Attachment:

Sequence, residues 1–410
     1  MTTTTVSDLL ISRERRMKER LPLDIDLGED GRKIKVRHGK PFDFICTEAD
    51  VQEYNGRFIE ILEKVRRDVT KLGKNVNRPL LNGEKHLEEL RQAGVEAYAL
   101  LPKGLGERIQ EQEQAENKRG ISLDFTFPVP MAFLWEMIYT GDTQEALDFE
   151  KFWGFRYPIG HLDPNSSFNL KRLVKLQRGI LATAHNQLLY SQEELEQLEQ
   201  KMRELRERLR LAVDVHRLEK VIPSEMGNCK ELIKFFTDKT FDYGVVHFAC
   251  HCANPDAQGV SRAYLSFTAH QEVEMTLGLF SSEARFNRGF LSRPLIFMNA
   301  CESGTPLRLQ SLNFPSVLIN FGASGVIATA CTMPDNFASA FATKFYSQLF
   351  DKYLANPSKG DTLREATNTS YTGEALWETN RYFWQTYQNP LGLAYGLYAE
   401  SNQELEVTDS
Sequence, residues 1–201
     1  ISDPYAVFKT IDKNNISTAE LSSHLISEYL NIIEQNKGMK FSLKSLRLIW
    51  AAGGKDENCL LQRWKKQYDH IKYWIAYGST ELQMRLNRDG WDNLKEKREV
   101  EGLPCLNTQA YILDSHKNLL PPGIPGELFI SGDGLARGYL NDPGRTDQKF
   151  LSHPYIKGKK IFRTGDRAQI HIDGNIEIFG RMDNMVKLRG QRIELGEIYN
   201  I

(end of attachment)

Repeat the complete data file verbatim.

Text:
Sequence, residues 1–410
     1  MTTTTVSDLL ISRERRMKER LPLDIDLGED GRKIKVRHGK PFDFICTEAD
    51  VQEYNGRFIE ILEKVRRDVT KLGKNVNRPL LNGEKHLEEL RQAGVEAYAL
   101  LPKGLGERIQ EQEQAENKRG ISLDFTFPVP MAFLWEMIYT GDTQEALDFE
   151  KFWGFRYPIG HLDPNSSFNL KRLVKLQRGI LATAHNQLLY SQEELEQLEQ
   201  KMRELRERLR LAVDVHRLEK VIPSEMGNCK ELIKFFTDKT FDYGVVHFAC
   251  HCANPDAQGV SRAYLSFTAH QEVEMTLGLF SSEARFNRGF LSRPLIFMNA
   301  CESGTPLRLQ SLNFPSVLIN FGASGVIATA CTMPDNFASA FATKFYSQLF
   351  DKYLANPSKG DTLREATNTS YTGEALWETN RYFWQTYQNP LGLAYGLYAE
   401  SNQELEVTDS
Sequence, residues 1–201
     1  ISDPYAVFKT IDKNNISTAE LSSHLISEYL NIIEQNKGMK FSLKSLRLIW
    51  AAGGKDENCL LQRWKKQYDH IKYWIAYGST ELQMRLNRDG WDNLKEKREV
   101  EGLPCLNTQA YILDSHKNLL PPGIPGELFI SGDGLARGYL NDPGRTDQKF
   151  LSHPYIKGKK IFRTGDRAQI HIDGNIEIFG RMDNMVKLRG QRIELGEIYN
   201  I